Bicyclists packed San Francisco's streets Thursday morning for Bike to Work Day and many of them gathered outside City Hall for the annual celebration of the two-wheeled mode of transportation.
"We have more to celebrate than ever," said Leah Shahum, executive director of the San Francisco Bicycle Coalition, which put on today's event.
Shahum said The City has seen a 58 percent increase in the number of people biking in the past four years.
People took diverse routes from around San Francisco to get tothe celebration -- Mayor Ed Lee rode with a group from Golden Gate Park, while others rode from places as far west as the Richmond District and as far south as the Bayview District.
The types of bikes were diverse too -- Supervisor Carmen Chu rode on the back of a tandem bicycle while wearing a furry white helmet, while several people at the event had child seats on the backs of their bikes with sons and daughters strapped in.
Lee, whose busy schedule requires him to take a car around The City, said, "I wish my day could be without so many different meetings in different places because I think I'd be one of those very easily converted people riding to work."
The mayor announced that by the end of the year,The City will have a new separated, green-painted bike lane on John F. Kennedy Drive in Golden Gate Park, and will look at "how we can fund more of these green lanes."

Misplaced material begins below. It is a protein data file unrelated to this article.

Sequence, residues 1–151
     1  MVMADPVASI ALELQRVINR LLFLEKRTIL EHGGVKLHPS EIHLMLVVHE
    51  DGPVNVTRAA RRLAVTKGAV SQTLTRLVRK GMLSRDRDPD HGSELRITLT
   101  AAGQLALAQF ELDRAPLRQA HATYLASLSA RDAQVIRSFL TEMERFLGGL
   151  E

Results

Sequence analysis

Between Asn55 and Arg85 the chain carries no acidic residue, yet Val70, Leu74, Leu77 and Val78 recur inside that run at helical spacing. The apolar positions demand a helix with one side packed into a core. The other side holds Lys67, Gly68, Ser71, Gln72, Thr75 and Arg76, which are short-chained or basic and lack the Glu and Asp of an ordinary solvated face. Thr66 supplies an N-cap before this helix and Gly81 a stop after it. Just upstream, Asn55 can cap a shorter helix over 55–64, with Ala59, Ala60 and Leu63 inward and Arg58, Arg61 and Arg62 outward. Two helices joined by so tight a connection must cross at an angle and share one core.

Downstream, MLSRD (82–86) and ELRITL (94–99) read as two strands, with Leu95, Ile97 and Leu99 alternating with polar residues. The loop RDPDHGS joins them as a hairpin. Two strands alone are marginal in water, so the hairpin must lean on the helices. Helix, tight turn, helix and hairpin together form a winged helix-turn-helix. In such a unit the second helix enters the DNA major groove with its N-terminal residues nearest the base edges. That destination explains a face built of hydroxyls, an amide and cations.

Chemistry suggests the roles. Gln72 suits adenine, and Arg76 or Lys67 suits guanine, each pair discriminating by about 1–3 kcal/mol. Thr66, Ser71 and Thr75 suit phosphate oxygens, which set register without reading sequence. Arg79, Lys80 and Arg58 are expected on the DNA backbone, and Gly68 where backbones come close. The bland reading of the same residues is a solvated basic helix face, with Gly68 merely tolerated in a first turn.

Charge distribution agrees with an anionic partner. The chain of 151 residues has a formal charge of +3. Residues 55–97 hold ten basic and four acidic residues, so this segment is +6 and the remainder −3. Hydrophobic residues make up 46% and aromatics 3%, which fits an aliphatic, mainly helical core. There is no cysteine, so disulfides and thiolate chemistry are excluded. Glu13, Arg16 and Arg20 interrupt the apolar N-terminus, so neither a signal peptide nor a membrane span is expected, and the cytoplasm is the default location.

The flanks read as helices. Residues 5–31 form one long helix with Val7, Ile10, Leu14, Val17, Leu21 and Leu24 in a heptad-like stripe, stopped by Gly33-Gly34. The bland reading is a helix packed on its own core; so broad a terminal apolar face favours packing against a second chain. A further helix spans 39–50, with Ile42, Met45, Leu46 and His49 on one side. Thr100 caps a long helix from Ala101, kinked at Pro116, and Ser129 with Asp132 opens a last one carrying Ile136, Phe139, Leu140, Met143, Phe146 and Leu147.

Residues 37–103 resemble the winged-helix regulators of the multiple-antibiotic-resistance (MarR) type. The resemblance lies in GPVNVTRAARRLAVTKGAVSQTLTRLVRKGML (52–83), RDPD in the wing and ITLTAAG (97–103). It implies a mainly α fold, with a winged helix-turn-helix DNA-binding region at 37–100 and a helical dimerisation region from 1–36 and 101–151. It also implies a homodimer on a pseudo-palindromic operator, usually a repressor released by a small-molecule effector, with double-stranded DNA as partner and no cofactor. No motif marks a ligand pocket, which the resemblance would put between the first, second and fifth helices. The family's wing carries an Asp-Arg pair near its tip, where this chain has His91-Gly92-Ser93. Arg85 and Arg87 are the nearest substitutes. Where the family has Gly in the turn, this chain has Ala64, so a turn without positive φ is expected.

Many of the supervisors stressed the importance of safe conditions for The City's bicyclists.
Supervisor Jane Kim said she has only biked twice in her life, and her route to the Thursday event showed her the need for more bike lanes and other infrastructure in The City.
Kim said she "got to ride in some of the areas where there weren't bike lanes, and got to feel how unsafe it was to have trucks and cars kind of trying to jostle around you."
She said she wants "to make it feel safe for someone like me to ride to work."
Some of the other bicyclists riding around the Civic Center area marveled at the crowded bike lanes.
"There's a lot of people, there's usually not this many," said Charlie Millioen, a University of San Francisco law school student who was riding on Market Street.
Barry Hooper, an employee with The City's Department of the Environment, attended the event at City Hall and said bike lanes have been more crowded in general recently, particularly in areas where new lanes were installed after a four-year court injunction on The City's bike plan was lifted last year.
"Market Street regular commuting looks like Critical Mass used to," Hooper said.
He said, "This is still a city designed for a car but there's a safe way to get to work on a bike now."
The city has installed 9.7 miles of new bike lanes since last August, putting it at a total of 14.5 miles citywide, according to the mayor's office.
San Francisco has also recently installed nearly 14 miles of "sharrows," shared bike lane markings on streets, and more than 350 sidewalk bike racks.
The San Francisco Bicycle Coalition organized energizer stations for bicyclists for today's morning and evening commutes.
The stations provided free snacks and beverages and a reusable tote bag, with select locations also provided free basic bike maintenance.